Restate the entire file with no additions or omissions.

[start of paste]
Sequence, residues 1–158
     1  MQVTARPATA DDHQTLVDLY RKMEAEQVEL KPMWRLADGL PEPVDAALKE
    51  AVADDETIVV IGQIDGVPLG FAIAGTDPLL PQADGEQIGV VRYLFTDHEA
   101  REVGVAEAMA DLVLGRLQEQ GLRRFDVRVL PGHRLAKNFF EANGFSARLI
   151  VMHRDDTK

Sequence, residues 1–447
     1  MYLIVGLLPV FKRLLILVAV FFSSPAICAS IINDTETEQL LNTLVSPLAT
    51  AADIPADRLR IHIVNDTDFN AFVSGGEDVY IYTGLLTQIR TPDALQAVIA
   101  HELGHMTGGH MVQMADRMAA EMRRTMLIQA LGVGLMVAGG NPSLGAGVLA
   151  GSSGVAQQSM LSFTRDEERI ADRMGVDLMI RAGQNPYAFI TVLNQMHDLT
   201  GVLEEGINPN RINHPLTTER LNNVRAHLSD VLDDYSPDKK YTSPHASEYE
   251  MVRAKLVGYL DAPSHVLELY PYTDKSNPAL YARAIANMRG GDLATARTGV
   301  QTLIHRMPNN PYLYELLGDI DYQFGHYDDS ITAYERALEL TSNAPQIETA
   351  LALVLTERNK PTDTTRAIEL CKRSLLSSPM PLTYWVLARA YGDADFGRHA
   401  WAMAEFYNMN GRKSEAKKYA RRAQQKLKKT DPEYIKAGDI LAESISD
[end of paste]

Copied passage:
Sequence, residues 1–158
     1  MQVTARPATA DDHQTLVDLY RKMEAEQVEL KPMWRLADGL PEPVDAALKE
    51  AVADDETIVV IGQIDGVPLG FAIAGTDPLL PQADGEQIGV VRYLFTDHEA
   101  REVGVAEAMA DLVLGRLQEQ GLRRFDVRVL PGHRLAKNFF EANGFSARLI
   151  VMHRDDTK

Sequence, residues 1–447
     1  MYLIVGLLPV FKRLLILVAV FFSSPAICAS IINDTETEQL LNTLVSPLAT
    51  AADIPADRLR IHIVNDTDFN AFVSGGEDVY IYTGLLTQIR TPDALQAVIA
   101  HELGHMTGGH MVQMADRMAA EMRRTMLIQA LGVGLMVAGG NPSLGAGVLA
   151  GSSGVAQQSM LSFTRDEERI ADRMGVDLMI RAGQNPYAFI TVLNQMHDLT
   201  GVLEEGINPN RINHPLTTER LNNVRAHLSD VLDDYSPDKK YTSPHASEYE
   251  MVRAKLVGYL DAPSHVLELY PYTDKSNPAL YARAIANMRG GDLATARTGV
   301  QTLIHRMPNN PYLYELLGDI DYQFGHYDDS ITAYERALEL TSNAPQIETA
   351  LALVLTERNK PTDTTRAIEL CKRSLLSSPM PLTYWVLARA YGDADFGRHA
   401  WAMAEFYNMN GRKSEAKKYA RRAQQKLKKT DPEYIKAGDI LAESISD